News Round-up: States Put More Kids In CHIP, But Some Medicaid Programs Squeezed
Thirty states increased the number of children under the program, Stateline reports. Also, Medicaid advocates are urging federal officials to deny California's request to cut the program, and in Georgia, officials are looking for more funding.
Stateline: Study: States Enrolling More Children In CHIP
Even as states struggled to meet their Medicaid obligations during the recession, most increased the percentage of kids covered under the Children's Health Insurance Program (CHIP). Thirty states boosted the proportion of eligible kids covered under the federal-state program and the national average moved from 80 percent to nearly 85 percent (Vestal, 8/26).
The Hill: Advocates For Disabled Urge Feds To Reject Cuts To California Medicaid
A consortium of 33 advocacy groups for people with disabilities on Thursday urged federal regulators to reject California's request to cut the state's Medicaid program. Gov. Jerry Brown has asked for permission to slash his state's Medicaid reimbursement rates by 10 percent to help plug a $26.6 billion budget gap. ... "With cuts this deep we are concerned that some service providers could go out of business and people with disabilities would lose access to critical services," the Consortium for Citizens with Disabilities wrote in a letter to Medicare and Medicaid chief Don Berwick (Pecquet, 8/25).
California Healthline: Will Ending Adult Day Health Care Services Save State Money?
In Sacramento, legislators are holding hearings on how to help 36,000 elderly and disabled residents continue to receive ADHC-type services in other programs. ... The ADHC transition is a kind of pilot project for California, which aims to transition many more individuals who are eligible for both Medicare and Medi-Cal into managed care (Gorn, 8/25).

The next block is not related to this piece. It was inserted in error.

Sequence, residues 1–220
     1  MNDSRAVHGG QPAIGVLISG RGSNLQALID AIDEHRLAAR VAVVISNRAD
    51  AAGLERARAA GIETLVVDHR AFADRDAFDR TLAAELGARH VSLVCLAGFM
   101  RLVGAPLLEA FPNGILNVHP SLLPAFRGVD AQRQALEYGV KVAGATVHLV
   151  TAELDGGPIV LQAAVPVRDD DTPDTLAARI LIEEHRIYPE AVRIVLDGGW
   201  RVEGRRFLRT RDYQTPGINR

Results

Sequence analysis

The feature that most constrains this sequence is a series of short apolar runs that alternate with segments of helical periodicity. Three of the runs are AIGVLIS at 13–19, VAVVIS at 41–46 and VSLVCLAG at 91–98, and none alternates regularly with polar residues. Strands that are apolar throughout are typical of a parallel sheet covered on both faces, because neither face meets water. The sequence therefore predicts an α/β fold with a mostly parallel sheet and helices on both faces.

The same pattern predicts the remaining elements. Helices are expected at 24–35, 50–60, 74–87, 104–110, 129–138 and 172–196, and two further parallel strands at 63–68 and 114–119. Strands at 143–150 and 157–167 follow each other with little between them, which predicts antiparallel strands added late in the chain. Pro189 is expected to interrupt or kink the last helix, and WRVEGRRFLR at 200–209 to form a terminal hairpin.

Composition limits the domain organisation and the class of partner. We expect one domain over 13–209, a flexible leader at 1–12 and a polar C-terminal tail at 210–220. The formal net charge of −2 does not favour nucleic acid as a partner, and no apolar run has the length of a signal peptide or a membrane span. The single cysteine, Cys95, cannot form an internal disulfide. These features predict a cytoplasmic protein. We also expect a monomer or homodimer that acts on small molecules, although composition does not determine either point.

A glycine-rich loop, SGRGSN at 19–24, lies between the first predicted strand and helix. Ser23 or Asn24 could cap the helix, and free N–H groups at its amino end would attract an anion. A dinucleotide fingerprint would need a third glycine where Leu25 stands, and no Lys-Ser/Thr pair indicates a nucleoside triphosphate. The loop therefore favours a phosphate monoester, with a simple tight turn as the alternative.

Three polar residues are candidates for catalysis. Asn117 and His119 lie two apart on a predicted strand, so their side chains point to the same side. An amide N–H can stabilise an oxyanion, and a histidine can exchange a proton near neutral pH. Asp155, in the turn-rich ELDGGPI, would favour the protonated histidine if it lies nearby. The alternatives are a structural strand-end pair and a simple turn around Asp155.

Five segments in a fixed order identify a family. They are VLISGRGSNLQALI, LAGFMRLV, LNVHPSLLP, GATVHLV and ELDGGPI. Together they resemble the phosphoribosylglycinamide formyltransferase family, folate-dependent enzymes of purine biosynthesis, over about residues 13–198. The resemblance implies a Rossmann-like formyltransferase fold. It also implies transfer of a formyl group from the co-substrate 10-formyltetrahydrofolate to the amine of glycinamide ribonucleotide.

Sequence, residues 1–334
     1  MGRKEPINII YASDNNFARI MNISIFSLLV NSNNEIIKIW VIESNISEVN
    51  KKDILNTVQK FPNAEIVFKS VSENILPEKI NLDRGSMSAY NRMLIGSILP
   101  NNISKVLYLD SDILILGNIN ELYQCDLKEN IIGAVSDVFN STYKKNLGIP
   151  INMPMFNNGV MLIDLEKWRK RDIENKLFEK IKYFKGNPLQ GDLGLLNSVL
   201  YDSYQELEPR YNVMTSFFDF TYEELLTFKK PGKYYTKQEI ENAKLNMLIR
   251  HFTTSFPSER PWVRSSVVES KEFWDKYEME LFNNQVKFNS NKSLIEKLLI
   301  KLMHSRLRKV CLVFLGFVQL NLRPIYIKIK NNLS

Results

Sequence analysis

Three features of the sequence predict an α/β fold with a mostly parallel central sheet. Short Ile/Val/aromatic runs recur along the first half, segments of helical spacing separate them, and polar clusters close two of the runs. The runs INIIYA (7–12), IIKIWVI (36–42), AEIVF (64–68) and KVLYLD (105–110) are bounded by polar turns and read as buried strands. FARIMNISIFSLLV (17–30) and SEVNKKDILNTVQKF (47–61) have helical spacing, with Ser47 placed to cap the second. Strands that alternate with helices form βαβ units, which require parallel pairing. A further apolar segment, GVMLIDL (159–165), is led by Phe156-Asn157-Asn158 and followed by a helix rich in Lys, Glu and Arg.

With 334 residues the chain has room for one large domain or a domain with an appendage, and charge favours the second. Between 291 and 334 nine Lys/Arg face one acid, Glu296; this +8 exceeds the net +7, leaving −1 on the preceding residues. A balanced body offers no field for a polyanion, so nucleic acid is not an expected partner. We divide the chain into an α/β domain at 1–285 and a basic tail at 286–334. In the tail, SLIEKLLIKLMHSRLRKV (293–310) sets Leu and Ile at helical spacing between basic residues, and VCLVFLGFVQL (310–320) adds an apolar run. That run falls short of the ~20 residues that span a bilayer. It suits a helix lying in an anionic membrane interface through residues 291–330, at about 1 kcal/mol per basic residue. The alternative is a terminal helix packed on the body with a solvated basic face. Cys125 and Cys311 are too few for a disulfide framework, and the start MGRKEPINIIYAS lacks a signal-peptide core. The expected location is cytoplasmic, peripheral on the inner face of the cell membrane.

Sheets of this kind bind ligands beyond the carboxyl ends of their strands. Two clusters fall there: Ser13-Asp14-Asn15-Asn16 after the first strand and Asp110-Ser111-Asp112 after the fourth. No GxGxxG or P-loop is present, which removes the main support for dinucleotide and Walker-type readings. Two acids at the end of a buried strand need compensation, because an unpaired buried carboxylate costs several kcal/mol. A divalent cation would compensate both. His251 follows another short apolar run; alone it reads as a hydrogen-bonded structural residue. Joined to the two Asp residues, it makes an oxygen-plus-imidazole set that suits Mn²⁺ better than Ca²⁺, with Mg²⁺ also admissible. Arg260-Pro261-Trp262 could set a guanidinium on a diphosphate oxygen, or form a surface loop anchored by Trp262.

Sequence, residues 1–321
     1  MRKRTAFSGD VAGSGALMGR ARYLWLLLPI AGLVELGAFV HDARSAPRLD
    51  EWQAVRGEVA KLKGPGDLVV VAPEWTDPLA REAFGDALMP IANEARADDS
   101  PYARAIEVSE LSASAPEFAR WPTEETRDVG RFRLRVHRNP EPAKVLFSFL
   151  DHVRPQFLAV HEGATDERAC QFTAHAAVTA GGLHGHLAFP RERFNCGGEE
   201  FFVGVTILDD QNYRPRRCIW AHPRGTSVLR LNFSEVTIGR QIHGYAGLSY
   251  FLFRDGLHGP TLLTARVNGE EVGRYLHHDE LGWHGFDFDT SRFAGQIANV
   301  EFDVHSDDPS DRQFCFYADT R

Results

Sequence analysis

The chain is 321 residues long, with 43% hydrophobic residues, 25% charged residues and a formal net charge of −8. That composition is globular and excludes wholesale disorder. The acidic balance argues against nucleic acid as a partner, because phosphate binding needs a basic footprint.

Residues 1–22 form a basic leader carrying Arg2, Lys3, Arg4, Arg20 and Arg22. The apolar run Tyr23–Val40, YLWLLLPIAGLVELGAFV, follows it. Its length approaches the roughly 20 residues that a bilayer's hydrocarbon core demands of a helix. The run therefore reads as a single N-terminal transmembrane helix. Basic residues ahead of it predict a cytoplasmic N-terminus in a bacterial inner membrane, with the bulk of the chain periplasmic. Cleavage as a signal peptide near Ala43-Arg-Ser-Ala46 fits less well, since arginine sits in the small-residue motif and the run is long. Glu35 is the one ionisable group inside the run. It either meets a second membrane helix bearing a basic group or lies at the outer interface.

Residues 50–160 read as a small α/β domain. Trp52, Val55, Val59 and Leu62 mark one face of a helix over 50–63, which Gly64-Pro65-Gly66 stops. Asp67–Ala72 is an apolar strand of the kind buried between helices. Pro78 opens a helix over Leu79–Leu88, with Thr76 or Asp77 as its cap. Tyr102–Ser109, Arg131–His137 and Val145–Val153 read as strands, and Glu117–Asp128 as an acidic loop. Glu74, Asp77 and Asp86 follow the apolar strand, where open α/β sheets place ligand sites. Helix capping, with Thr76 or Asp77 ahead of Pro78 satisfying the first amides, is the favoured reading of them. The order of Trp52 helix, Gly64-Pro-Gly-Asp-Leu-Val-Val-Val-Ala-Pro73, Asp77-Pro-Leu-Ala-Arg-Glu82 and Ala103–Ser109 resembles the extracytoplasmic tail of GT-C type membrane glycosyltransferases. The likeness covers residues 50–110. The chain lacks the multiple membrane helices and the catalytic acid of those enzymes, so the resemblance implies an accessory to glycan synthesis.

Atlanta Journal-Constitution: State Medicaid Program To Request More Money From Governor
The state agency that runs the Medicaid and PeachCare for Kids programs will ask Gov. Nathan Deal to find more than $570 million in state coffers to cover shortfalls in the 2012 and 2013 budgets for the health care programs. ... Lawmakers this spring borrowed money from Medicaid to cover funding gaps in other state programs -- including a major shortfall in the state employee and retiree health care plan. Lawmakers also delayed payments owed by Medicaid to give the budget some relief (Teegardin, 8/25).
HealthyCal: Healthcare Reform May Help Homeless Get Comprehensive Care
California's unprecedented Medicaid expansion in advance of national health care reform is a crucial opportunity to improve care for the homeless, advocates say. The $10 billion program, called California's Bridge to Reform, includes increases in health care subsidies for the indigent, including the state's estimated 134,000 homeless (Richard, 8/25).
This article was reprinted from kaiserhealthnews.org with permission from the Henry J. Kaiser Family Foundation. Kaiser Health News, an editorially independent news service, is a program of the Kaiser Family Foundation, a nonpartisan health care policy research organization unaffiliated with Kaiser Permanente.